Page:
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Running Head: AUM SHINRIKYO

Aum Shinrikyo

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Aum Shinrikyo

Introduction

The Aum Shinrikyo was a vicious cult originated from Japan. The name of the cult is

a combination of two words Aum (Om) a sacred Hindu syllable, and Shinrikyo a Japanese

word meaning "supreme truth". Apparently it is a syncretistic cult, founded sometime around

1987 by taking beliefs from Buddhism and Christianity. Since its early times it has never

been approved as a Buddhist faith group by nearly all the Buddhist leaders of Japan.

The founder-leader of the cult, Shoko Asahara was born in 1955. He attended an

institute for the blinds as he was partially blind from birth. He started his career as an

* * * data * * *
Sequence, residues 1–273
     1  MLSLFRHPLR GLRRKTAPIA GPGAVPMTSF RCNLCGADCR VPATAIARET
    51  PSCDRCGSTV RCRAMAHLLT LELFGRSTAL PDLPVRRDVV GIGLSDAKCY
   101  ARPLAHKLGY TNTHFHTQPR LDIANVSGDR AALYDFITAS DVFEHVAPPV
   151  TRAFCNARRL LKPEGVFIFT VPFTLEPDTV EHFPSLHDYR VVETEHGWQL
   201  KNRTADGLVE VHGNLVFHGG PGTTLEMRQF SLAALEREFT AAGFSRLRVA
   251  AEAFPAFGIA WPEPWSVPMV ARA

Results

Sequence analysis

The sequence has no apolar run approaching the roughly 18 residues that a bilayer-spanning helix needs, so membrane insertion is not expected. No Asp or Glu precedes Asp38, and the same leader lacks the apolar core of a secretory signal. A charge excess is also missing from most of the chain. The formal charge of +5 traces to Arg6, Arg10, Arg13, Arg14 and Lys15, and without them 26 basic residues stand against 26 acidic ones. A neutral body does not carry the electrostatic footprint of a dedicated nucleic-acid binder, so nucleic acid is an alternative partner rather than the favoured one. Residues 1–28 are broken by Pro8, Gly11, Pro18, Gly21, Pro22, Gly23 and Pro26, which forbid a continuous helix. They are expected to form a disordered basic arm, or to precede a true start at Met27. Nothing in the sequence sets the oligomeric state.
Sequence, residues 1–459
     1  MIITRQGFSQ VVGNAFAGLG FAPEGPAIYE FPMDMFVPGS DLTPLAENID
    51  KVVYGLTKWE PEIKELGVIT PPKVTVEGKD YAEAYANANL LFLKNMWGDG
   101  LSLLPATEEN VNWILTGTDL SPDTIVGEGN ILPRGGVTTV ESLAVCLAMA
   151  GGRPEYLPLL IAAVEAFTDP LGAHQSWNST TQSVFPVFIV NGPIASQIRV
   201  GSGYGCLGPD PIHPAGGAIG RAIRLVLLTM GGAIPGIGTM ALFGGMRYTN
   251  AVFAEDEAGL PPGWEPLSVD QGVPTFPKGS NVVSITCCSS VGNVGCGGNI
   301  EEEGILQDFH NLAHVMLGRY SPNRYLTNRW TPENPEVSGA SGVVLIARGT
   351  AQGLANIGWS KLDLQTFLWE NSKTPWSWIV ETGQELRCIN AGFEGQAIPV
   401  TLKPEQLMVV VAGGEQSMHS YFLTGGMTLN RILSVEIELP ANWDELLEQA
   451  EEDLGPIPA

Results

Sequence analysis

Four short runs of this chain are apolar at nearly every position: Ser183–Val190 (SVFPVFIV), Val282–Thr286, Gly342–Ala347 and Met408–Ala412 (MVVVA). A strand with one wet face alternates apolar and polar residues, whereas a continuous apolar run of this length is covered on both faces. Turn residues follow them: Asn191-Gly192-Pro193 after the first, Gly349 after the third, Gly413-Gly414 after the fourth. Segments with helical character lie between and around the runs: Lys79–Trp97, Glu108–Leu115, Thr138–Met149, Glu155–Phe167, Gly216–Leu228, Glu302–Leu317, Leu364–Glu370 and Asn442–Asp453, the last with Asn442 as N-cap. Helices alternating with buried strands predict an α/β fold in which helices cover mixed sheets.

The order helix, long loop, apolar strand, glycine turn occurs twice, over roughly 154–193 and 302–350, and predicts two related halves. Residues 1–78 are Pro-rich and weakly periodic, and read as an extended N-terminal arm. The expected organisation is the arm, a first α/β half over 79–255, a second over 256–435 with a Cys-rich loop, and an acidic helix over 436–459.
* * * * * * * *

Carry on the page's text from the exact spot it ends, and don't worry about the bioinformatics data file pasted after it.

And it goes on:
acupuncturist. His sudden interest in yoga spurred him to travel to the Himalayas where he

also studied Buddhism and Hinduism. Later, in 1987, he organized the Aum Shinrikyo.

Aum Shinrikyo followers think Asahara as Christ’s reincarnation. He mixed up the

book of Revelation, some Buddhist scriptures and the predictions of Nostradamus and made a

holy book for his followers. He later predicted apocalypse in the last years of previous

millennium. At the time the total membership of the cult increased to a peak of about 20,000

globally. Most attracted by a desire to develop some supernatural powers; some were drawn

by the cult's rejection of the prevailing corruption and materialism in the modern Japan.

The cult appeared in headlines in 1995 when its member carried out an attack on the

Tokyo subway system with a chemical nerve agent, sarin. The attack consumed the lives of

twelve and caused almost six thousand people to seek medical attention. As a consequence of

this attack the cult was listed as a terrorist organization. The group bifurcated in 2007 due to

internal disharmony. Even after thirteen years, both divisions are still under surveillance by

the Japanese authorities. It is estimated that currently there are 1,500 members of the cult

living in Japan and about three hundred in Russia.